From the winner of the Pulitzer Prize. the much-anticipated
final volume, following Some Luck and Early Warning,
of her acclaimed American trilogy—a richly absorbing
new novel that brings the remarkable Langdon family into our
present times and beyond
A lot can happen in one hundred years, as Jane Smiley shows to dazzling effect in her Last Hundred Years trilogy.
Early Warning opens in 1953 with the Langdon family at a crossroads.
From the winner of the Pulitzer Prize. a powerful, engrossing new novel—the life and times of a remarkable family over three transformative decades in America.
On their farm in Denby, Iowa, Rosanna and Walter Langdon abide by time-honored values that they pass on to their five wildly different children.
The four March sisters--Meg, Amy, Beth, and feisty Jo--share the joys and sorrows of growing up while their father is away at war. The family is poor in worldly goods, but rich in love and character.
One night in the late 1930s, in a bar on the Illinois–Iowa border, John Vincent Atanasoff, a professor of physics at Iowa State University, after a frustrating day performing tedious mathematical calculations in his lab, hit on the idea that the binary number system and electronic switches, combined with an array of capacitors on a moving drum to serve as memory, could yield a computing machine that would make his life and the lives of other similarly burdened scientists easier.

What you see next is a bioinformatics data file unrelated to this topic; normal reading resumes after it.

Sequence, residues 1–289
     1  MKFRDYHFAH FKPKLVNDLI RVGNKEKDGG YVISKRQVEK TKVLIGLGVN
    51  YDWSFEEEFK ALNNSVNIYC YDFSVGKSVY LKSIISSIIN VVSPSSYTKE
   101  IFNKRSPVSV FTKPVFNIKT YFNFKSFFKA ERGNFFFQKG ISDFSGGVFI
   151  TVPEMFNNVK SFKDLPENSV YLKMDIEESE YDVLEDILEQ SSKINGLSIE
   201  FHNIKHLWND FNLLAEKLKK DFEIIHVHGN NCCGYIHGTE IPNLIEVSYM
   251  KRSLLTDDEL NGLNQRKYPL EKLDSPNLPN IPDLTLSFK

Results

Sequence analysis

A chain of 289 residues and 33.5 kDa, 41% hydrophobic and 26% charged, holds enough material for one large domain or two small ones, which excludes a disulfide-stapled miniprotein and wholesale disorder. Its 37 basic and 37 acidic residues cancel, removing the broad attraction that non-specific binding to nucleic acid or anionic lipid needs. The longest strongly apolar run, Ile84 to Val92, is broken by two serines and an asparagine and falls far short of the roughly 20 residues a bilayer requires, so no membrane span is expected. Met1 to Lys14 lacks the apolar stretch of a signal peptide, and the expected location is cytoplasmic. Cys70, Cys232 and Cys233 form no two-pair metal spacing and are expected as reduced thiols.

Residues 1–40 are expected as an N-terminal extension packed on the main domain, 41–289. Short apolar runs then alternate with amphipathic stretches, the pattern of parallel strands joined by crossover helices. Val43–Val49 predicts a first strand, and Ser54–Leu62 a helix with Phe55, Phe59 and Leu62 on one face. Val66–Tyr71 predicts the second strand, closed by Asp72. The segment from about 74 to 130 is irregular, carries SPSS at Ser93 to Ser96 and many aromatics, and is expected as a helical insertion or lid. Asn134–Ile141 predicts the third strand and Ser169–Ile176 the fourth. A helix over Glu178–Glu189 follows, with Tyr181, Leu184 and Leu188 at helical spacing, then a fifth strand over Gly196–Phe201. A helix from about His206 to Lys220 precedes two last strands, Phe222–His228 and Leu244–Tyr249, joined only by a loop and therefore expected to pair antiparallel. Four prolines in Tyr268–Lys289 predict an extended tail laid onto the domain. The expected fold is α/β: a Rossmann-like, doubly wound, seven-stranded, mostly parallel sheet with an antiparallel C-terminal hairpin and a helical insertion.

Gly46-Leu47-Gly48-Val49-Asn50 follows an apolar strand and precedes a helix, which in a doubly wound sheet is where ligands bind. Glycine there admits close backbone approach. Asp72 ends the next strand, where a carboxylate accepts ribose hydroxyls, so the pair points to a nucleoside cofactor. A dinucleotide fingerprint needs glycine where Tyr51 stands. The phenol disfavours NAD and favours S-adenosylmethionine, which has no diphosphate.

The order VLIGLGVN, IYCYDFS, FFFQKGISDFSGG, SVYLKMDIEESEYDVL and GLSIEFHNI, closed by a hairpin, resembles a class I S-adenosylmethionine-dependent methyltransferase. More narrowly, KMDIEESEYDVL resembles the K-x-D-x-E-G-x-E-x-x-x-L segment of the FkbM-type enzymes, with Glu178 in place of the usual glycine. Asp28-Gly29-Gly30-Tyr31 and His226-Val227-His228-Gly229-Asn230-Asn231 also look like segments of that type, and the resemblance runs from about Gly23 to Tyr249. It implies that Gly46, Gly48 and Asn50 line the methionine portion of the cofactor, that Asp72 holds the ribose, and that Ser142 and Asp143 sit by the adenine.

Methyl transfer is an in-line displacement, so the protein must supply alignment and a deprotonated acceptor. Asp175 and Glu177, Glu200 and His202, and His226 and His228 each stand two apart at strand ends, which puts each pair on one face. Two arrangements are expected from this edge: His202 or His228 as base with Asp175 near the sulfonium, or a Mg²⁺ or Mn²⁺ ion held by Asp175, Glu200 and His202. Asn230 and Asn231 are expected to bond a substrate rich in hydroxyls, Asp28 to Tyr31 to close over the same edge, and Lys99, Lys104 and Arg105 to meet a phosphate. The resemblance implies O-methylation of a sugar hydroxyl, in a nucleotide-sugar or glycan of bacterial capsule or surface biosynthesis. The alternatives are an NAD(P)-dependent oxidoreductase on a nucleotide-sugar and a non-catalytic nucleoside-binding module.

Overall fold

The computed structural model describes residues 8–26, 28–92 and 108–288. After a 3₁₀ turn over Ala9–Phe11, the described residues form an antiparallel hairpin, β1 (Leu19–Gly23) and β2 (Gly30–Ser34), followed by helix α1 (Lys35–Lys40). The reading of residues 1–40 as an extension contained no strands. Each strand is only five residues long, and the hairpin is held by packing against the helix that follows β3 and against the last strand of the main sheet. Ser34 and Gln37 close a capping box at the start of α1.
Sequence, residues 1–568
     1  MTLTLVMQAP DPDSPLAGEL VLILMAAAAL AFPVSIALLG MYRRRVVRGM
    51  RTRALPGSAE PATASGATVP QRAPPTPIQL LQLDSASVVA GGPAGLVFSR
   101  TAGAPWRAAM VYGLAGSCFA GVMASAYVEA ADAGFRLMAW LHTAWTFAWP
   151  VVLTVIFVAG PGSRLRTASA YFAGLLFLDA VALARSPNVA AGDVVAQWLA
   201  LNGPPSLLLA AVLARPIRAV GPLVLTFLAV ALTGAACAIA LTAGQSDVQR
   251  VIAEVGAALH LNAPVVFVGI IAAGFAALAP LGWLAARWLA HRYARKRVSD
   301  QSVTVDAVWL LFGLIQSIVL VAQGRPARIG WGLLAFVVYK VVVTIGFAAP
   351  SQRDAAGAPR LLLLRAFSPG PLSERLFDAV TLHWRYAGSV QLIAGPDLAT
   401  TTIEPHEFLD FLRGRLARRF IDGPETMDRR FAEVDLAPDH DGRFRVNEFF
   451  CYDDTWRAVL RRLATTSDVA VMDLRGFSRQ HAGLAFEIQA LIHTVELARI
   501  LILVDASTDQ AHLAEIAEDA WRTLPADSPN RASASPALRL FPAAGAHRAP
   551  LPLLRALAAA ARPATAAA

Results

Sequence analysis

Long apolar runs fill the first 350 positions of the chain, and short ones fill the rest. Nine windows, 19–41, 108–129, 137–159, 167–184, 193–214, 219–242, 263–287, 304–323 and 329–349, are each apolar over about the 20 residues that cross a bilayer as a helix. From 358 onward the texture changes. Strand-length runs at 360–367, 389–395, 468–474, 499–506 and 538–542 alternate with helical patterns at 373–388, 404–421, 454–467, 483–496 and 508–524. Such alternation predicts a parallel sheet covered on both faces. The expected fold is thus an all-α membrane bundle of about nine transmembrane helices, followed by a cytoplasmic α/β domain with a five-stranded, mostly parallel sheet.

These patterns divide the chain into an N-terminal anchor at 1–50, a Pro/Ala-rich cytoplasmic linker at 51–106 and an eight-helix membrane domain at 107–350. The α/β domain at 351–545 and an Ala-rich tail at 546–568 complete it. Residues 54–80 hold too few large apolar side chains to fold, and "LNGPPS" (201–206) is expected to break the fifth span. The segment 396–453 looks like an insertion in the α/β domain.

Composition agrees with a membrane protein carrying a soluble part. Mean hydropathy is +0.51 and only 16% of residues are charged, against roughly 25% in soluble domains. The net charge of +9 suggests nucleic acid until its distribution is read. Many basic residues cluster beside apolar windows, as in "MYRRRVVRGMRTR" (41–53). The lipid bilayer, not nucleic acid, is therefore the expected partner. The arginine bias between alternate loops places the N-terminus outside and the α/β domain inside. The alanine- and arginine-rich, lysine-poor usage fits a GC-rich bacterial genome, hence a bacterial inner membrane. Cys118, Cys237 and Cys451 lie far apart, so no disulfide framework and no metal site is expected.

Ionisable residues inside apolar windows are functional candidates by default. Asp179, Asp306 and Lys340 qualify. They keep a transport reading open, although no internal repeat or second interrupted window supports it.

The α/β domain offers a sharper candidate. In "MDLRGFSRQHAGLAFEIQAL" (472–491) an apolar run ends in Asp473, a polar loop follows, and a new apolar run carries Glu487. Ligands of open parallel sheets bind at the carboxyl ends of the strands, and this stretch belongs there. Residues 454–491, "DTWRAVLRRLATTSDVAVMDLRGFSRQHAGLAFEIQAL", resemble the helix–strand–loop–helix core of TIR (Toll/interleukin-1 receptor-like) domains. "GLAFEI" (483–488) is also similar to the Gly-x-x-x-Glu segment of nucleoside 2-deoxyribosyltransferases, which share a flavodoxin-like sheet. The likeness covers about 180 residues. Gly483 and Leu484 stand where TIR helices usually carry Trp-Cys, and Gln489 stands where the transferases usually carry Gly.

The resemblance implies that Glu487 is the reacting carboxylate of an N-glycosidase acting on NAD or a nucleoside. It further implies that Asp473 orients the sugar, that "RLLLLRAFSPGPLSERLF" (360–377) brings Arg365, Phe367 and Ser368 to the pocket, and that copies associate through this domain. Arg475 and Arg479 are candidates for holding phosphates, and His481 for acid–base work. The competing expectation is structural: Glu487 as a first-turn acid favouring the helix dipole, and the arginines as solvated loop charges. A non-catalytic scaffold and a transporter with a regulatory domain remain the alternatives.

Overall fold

Margaret Mayfield is nearly an old maid at twenty-seven in post–Civil War Missouri when she marries Captain Andrew Jackson Jefferson Early.
Her new novel, set in the 1850s, speaks to us in a splendidly quirky voice--the strong, wry, no-nonsense voice of Lidie Harkness of Quincy, Illinois, a young woman of courage, good sense, and good heart.